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  1. Indianapolis employers harassment among minorities AFRICAN Americans needs to be discussed the metro Indianapolis area is horrible when it comes to harassing African American employees especially in the local healthcare facilities. Racially profiling in the workplace is an major issue. Please make it better because I'm many civil rights leaders would come here and justify that Indiana is a state the WORKS only applies to Caucasian Americans especially in Hamilton county. Indiana targets African Americans in the workplace so when governor pence is trying to convince people to vote for him this would be awesome publicity for the Presidency Elections.

  2. Wishing Mary Willis only God's best, and superhuman strength, as she attempts to right a ship that too often strays far off course. May she never suffer this personal affect, as some do who attempt to change a broken system: https://www.youtube.com/watch?v=QojajMsd2nE

  3. Indiana's seatbelt law is not punishable as a crime. It is an infraction. Apparently some of our Circuit judges have deemed settled law inapplicable if it fails to fit their litmus test of political correctness. Extrapolating to redefine terms of behavior in a violation of immigration law to the entire body of criminal law leaves a smorgasbord of opportunity for judicial mischief.

  4. I wonder if $10 diversions for failure to wear seat belts are considered moral turpitude in federal immigration law like they are under Indiana law? Anyone know?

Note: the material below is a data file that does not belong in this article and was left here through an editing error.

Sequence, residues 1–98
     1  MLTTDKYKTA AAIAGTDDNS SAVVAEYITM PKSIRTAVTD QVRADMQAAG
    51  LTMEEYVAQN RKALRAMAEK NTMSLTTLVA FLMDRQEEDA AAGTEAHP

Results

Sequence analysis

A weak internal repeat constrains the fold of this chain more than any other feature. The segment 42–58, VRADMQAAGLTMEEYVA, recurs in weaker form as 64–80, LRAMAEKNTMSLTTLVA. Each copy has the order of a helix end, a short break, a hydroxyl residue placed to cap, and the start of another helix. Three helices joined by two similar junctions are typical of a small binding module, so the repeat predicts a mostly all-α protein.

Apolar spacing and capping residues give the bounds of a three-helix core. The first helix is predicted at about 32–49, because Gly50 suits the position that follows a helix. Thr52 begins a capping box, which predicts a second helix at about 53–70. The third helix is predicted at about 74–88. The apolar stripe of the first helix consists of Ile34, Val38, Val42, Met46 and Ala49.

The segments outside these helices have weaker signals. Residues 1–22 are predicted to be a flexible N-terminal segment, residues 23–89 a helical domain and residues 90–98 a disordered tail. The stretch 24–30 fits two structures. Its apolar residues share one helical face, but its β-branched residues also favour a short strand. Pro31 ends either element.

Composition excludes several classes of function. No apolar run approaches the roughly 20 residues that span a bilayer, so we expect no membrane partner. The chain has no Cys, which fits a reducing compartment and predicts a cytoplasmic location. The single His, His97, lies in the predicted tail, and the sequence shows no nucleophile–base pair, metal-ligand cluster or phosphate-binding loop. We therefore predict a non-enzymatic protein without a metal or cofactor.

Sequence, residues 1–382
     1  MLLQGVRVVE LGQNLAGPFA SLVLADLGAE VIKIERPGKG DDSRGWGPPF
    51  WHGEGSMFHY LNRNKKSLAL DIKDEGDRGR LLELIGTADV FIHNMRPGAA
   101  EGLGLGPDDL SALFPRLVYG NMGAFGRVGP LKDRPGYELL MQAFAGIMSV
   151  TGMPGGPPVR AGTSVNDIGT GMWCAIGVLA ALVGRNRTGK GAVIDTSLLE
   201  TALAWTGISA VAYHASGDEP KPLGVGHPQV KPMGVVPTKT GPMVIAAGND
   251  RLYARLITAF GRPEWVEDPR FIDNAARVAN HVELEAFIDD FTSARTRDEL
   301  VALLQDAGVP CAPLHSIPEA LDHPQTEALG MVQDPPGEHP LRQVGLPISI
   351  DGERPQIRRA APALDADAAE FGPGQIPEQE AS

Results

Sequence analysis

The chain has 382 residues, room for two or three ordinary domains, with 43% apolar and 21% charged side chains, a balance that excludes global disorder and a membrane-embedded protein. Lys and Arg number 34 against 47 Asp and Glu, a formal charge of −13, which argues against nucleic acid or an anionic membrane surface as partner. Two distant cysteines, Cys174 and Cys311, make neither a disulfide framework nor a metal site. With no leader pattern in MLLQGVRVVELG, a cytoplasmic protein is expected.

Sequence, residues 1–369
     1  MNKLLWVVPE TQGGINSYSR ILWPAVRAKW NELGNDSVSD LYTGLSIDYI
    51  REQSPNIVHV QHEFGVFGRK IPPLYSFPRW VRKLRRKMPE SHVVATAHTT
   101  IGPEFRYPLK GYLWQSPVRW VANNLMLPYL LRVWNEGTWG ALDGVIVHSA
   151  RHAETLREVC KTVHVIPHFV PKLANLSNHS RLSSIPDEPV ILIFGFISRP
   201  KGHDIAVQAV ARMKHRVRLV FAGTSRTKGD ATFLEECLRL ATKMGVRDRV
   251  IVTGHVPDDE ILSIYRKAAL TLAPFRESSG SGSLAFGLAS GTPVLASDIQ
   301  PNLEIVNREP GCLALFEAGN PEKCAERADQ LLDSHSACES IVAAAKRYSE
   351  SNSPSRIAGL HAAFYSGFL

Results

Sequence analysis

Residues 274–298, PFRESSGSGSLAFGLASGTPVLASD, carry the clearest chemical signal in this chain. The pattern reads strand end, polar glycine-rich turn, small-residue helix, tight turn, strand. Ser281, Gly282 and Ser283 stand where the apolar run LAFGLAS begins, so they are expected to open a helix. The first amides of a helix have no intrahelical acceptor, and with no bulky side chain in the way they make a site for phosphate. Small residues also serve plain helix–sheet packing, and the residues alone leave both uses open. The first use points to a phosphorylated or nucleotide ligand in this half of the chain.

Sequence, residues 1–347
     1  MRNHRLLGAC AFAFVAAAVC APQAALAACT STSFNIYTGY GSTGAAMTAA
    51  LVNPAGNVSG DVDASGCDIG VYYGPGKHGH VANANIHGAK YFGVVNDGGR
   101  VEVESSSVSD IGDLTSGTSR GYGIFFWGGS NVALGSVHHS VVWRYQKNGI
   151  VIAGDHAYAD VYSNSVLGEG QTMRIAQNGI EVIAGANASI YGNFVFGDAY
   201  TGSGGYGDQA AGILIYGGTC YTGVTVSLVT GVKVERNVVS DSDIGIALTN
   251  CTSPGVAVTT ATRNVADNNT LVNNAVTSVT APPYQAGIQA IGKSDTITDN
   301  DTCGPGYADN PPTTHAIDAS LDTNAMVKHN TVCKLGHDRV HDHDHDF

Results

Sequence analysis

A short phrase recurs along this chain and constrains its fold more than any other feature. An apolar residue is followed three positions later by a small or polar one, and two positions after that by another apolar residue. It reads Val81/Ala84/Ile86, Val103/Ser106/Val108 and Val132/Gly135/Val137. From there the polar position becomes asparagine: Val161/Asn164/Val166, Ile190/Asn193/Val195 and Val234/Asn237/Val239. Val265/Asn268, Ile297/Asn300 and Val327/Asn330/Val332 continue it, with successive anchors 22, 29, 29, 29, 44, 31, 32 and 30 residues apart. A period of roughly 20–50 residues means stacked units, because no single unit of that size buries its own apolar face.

5. What a fine article, thank you! I can testify firsthand and by detailed legal reports (at end of this note) as to the dire consequences of rejecting this truth from the fine article above: "The inclusion and expansion of this right [to jury] in Indiana’s Constitution is a clear reflection of our state’s intention to emphasize the importance of every Hoosier’s right to make their case in front of a jury of their peers." Over $20? Every Hoosier? Well then how about when your very vocation is on the line? How about instead of a jury of peers, one faces a bevy of political appointees, mini-czars, who care less about due process of the law than the real czars did? Instead of trial by jury, trial by ideological ordeal run by Orwellian agents? Well that is built into more than a few administrative law committees of the Ind S.Ct., and it is now being weaponized, as is revealed in articles posted at this ezine, to root out post moderns heresies like refusal to stand and pledge allegiance to all things politically correct. My career was burned at the stake for not so saluting, but I think I was just one of the early logs. Due, at least in part, to the removal of the jury from bar admission and bar discipline cases, many more fires will soon be lit. Perhaps one awaits you, dear heretic? Oh, at that Ind. article 12 plank about a remedy at law for every damage done ... ah, well, the founders evidently meant only for those damages done not by the government itself, rabid statists that they were. (Yes, that was sarcasm.) My written reports available here: Denied petition for cert (this time around): http://tinyurl.com/zdmawmw Denied petition for cert (from the 2009 denial and five year banishment): http://tinyurl.com/zcypybh Related, not written by me: Amicus brief: http://tinyurl.com/hvh7qgp